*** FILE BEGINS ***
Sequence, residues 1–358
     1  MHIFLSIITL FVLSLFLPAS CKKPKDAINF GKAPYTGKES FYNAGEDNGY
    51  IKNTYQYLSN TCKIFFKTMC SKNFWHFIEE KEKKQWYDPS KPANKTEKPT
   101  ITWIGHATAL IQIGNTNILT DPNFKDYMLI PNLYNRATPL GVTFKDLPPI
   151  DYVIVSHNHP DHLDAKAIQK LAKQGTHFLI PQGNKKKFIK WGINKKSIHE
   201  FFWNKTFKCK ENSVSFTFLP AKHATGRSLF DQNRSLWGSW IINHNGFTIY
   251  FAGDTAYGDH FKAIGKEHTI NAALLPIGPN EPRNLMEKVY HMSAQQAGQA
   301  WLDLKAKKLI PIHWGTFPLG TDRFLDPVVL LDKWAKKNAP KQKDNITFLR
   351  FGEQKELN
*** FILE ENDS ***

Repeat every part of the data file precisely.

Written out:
Sequence, residues 1–358
     1  MHIFLSIITL FVLSLFLPAS CKKPKDAINF GKAPYTGKES FYNAGEDNGY
    51  IKNTYQYLSN TCKIFFKTMC SKNFWHFIEE KEKKQWYDPS KPANKTEKPT
   101  ITWIGHATAL IQIGNTNILT DPNFKDYMLI PNLYNRATPL GVTFKDLPPI
   151  DYVIVSHNHP DHLDAKAIQK LAKQGTHFLI PQGNKKKFIK WGINKKSIHE
   201  FFWNKTFKCK ENSVSFTFLP AKHATGRSLF DQNRSLWGSW IINHNGFTIY
   251  FAGDTAYGDH FKAIGKEHTI NAALLPIGPN EPRNLMEKVY HMSAQQAGQA
   301  WLDLKAKKLI PIHWGTFPLG TDRFLDPVVL LDKWAKKNAP KQKDNITFLR
   351  FGEQKELN